Uh, uh, obviously an uneducated ignoramus nativist!

Back to Turchin:
At around the same time, federal income tax came in and the rate at which top incomes were taxed began to increase. Somewhat later, provoked by the Great Depression, other laws legalised collective bargaining through unions, introduced a minimum wage, and established Social Security. 
The US elites entered into an unwritten compact with the working classes. This implicit contract included the promise that the fruits of economic growth would be distributed more equitably among both workers and owners. In return, the fundamentals of the political-economic system would not be challenged (no revolution). The deal allowed the lower and upper classes to co-operate in solving the challenges facing the American Republic — overcoming the Great Depression, winning the Second World War, and countering the Soviet threat during the Cold War. 
It almost goes without saying that there was a racist and xenophobic underside to all this. The co-operating group was mainly native-born white Protestants.

For example, women's suffrage was a pro-WASP ploy. WASP women were much more liberated than immigrant women, so giving women more power gave WASPs more power. (Prohibition was tied into women's suffrage. WASP feminists hated men drinking, so if they were going to get the vote, politicians had better pass Prohibition to mollify them.)
African-Americans, Jews, Catholics and foreigners were excluded or heavily discriminated against. Nevertheless, while making such ‘categorical inequalities’ worse, the compact led to a dramatic reduction in overall economic inequality. ...
It is no coincidence that the life of Communism (from the October Revolution in Russia in 1917 to the fall of the Berlin Wall in 1989) coincides almost perfectly with the Great Compression era. The Red Scares of, firstly, 1919—21 and then 1947—57 suggest that US elites took the Soviet threat quite seriously. More generally, the Soviet Union, especially in its early years, aggressively promoted an ideology that was highly threatening to the political-economic system favoured by the US elites. Reforms that ensured an equitable distribution of the fruits of economic growth turned out to be a highly effective counter to the lure of Bolshevism. 
Nevertheless, when Communism collapsed, its significance was seriously misread. It’s true that the Soviet economy could not compete with a system based on free markets plus policies and norms that promoted equity. Yet the fall of the Soviet Union was interpreted as a vindication of free markets, period. The triumphalist, heady atmosphere of the 1990s was highly conducive to the spread of Ayn Randism and other individualist ideologies. The unwritten social contract that had emerged during the New Deal and braved the challenges of the Second World War had faded from memory.

It was not just individualist ideologies that flourished after the collapse of a credible military rival to the U.S., but also, famously, "globalist" ideologies, which are anti-nationalist and thus anti-patriotic and thus pro-elite and pro-inequality.

129 comments:

DaveinHackensack said...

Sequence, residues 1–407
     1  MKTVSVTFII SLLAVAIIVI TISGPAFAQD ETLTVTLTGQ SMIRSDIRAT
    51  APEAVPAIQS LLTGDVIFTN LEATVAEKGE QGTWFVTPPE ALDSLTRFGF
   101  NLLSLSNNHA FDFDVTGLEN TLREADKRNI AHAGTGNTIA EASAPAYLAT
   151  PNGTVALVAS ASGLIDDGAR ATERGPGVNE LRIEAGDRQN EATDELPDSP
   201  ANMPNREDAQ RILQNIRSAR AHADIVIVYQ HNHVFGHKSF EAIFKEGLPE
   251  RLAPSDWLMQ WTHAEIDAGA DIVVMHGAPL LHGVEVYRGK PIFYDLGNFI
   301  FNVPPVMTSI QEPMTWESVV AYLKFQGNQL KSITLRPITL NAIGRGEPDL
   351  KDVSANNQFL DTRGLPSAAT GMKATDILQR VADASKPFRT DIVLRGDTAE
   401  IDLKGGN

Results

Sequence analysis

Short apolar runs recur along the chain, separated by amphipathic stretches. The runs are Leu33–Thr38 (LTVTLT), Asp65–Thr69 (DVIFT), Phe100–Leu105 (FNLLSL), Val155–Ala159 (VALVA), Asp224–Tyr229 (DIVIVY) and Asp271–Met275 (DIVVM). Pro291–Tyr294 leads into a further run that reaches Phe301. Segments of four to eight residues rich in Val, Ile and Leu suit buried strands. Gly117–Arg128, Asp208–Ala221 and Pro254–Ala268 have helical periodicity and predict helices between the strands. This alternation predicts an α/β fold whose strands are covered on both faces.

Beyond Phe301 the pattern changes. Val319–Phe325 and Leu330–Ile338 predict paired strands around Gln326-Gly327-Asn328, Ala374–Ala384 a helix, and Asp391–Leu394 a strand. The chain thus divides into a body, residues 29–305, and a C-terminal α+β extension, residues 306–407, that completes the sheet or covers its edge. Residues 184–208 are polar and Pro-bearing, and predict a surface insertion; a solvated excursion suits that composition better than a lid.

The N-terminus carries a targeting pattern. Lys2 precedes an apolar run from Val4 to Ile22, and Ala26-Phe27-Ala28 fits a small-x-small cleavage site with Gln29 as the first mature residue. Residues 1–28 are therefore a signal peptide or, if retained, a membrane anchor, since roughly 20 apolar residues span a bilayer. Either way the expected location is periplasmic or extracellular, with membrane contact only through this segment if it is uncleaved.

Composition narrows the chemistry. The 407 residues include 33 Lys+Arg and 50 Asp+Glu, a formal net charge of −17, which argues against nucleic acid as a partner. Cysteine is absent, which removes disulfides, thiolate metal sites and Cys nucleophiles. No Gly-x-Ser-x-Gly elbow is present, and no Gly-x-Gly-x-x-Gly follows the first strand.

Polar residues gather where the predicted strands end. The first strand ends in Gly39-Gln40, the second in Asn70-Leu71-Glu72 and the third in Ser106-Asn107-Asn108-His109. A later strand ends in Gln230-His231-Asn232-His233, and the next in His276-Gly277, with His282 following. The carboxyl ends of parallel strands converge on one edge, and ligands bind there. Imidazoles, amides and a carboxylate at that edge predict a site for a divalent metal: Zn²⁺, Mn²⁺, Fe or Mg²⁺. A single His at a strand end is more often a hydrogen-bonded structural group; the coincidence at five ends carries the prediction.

This is fascinating -- Turchin's sweeping theory of history reminds me of Kondratieff's (maybe this sort of speculation is a Russian thing?). Those Italian anarchists were also suspected of the Wall Street bombing of 1920.

Anonymous said...

It was not just individualist ideologies that flourished after the collapse of a credible military rival to the U.S., but also, famously, "globalist" ideologies, which are anti-nationalist and thus anti-patriotic and thus pro-elite and pro-inequality.

Yes, I think over the 1980s and 1990s quite a few people from the hard left got wooed into an alliance with the Davos Summit, IMF, World Bank, EU types. "We're not so different really, we both want the same things". It helped to blur the old distinctions too as CEOs learned to wear jeans and use the word "awesome" a lot; like some reformed hippie who's just doing it for fun and to "help change the world".

Ex Submarine Officer said...

Back when the Berlin Wall and Soviet Union fell, I was fond of observing that, "The end of communism wasn't going to bring capitalism just to Russia, but the USA as well".

Little did I know then how right I was and how disastrous this was going to be.

Anonymous said...

Well, Steve the average income today is better than in 1957 when I was born but not as good as 1972. People are complaining abut the 1972 rate and women have worked for decades driving the price of housing up. And of course people forgot that when I was growing up a lot of whites live in mobile homes not 2,000 square feet houses. In 1957 white poverty was over 20 percent and by 19972 it was around 8 percent and today with inflation probably 12 percent. Inequality isn't the problem but stagantion because of immirgants and mother's working/ Also, household size is down which means parents can spent more on their offspring, the younger babyboomers from large families had to share things growing up. Whites in the 1950's were the same as Mexicans today more likely to be renters and higher poverty rates its the 1970's were the average Joel is having problems in the comparisons.

Anonymous said...